As you can see in the picture below, tumblers get dirty over time. During the process of vibratory tumbling, the media scratches spent powder and lead out of the shell casings. That lead doesn't simply vanish - some of it lodges in the media, but a good chunk of it gets deposited inside of the tumbler. I deliberately tumbled a number of loads of brass without cleaning my tumbler, in order to write this article.
Getting it clean
The layer of material on the inside of my tumbler was thick enough that it could be scraped with a fingernail. I used Hoppes #9 powder solvent, a popular bore cleaner, to dissolve the accrued powder and lead. I dipped a corner of a paper towel in it, then used the paper towel to apply it to the cleaning area - then wiped it off with the dry part of the towel.
Water as a Solvent
Some of you may think that water and scrubbing could substitute for powder solvent - this is not the case. After a bit of scrubbing, the ring of powder lightened up a little, and that was the extent of water's cleaning virtue in this context. I stopped scrubbing when the paper towel wore through, having only lightened up the ring - not penetrated it. The moral of this story: without a decent powder solvent, nothing short of steel wool will remove tumbling residue.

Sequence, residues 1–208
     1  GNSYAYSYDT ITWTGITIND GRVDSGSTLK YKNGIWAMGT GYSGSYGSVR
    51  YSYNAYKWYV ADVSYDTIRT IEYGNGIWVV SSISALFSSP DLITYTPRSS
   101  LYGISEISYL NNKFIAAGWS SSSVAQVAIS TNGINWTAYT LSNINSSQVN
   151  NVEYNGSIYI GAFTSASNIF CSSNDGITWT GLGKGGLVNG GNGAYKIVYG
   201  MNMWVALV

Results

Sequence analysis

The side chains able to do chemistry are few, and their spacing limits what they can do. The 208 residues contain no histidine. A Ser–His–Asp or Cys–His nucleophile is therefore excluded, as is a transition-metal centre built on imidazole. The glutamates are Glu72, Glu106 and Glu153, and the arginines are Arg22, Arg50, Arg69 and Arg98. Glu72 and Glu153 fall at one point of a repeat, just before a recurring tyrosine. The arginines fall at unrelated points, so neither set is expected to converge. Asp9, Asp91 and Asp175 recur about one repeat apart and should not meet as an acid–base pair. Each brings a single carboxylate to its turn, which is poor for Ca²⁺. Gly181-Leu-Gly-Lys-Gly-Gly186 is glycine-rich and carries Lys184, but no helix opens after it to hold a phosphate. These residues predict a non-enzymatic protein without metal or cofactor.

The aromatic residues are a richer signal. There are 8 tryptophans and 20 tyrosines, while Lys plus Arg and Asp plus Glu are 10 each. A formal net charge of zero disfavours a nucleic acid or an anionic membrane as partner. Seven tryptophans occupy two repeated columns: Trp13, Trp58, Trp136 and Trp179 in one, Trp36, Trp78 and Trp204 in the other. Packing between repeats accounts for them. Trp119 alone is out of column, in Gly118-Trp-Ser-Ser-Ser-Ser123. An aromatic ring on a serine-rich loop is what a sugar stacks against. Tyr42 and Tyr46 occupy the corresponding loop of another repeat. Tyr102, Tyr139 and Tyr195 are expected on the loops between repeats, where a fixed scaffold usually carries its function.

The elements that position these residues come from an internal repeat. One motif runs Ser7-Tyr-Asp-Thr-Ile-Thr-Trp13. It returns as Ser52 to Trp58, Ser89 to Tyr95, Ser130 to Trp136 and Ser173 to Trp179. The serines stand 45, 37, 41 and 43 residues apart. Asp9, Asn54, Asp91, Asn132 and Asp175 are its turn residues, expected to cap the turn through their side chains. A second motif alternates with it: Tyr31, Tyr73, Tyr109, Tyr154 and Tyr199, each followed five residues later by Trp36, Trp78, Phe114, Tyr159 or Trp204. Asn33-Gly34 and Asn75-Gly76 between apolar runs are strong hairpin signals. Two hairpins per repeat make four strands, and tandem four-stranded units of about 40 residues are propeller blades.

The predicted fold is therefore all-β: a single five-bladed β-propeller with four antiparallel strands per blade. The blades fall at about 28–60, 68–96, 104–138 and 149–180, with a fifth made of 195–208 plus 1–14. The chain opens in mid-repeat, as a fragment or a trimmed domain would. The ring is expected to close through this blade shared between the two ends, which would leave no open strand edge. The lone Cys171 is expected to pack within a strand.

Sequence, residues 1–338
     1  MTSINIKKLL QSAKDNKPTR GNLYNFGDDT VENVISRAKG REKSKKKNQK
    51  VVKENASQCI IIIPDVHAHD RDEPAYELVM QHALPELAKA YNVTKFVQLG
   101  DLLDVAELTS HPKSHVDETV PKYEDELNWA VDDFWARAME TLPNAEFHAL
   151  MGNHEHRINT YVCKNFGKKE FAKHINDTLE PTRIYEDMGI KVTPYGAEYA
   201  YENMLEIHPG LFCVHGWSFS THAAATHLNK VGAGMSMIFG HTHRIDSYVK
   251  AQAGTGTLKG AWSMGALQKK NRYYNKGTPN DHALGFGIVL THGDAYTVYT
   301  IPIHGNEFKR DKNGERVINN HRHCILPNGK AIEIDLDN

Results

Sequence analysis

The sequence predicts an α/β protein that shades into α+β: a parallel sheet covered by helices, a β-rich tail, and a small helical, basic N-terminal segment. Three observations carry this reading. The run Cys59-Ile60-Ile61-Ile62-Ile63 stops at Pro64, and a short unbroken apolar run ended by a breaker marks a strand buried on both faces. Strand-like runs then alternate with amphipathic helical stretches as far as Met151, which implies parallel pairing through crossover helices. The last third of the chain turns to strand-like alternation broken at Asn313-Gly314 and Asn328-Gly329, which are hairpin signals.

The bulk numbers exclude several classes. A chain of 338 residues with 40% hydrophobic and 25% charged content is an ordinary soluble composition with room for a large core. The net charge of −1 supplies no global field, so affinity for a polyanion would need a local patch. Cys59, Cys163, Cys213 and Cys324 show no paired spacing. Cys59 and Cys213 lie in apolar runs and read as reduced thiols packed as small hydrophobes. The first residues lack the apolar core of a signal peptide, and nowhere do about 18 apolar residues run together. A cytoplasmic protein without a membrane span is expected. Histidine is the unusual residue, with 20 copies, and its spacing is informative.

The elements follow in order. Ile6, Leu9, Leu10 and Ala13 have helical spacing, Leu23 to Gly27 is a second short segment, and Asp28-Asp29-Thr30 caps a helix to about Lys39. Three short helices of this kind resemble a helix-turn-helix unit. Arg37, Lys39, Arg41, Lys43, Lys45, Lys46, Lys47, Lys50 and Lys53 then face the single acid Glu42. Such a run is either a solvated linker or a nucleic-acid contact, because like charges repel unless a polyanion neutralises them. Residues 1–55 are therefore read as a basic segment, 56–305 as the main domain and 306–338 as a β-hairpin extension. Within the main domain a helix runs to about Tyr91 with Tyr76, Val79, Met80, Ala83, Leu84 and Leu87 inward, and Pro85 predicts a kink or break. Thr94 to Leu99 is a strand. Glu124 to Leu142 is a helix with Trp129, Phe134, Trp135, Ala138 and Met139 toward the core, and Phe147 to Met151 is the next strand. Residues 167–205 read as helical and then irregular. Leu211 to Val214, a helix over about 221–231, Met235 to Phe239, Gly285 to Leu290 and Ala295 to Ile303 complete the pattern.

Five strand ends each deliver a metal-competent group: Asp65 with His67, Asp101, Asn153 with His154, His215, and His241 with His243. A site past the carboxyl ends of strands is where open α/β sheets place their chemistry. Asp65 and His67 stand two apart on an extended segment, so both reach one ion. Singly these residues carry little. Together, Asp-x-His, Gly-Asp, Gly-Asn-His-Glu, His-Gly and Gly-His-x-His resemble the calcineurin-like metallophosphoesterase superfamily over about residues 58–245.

In the last picture, you'll notice all of the gunk that was removed from the tumbler. It's also worth noting that the central shaft of the tumbler will pick up some gunk as well.
Informal Testing of Powder Solvents
I'm purposely letting my tumbler get a big nasty dirt ring again, so that I can test multiple solvents against it. At present, I intend to test: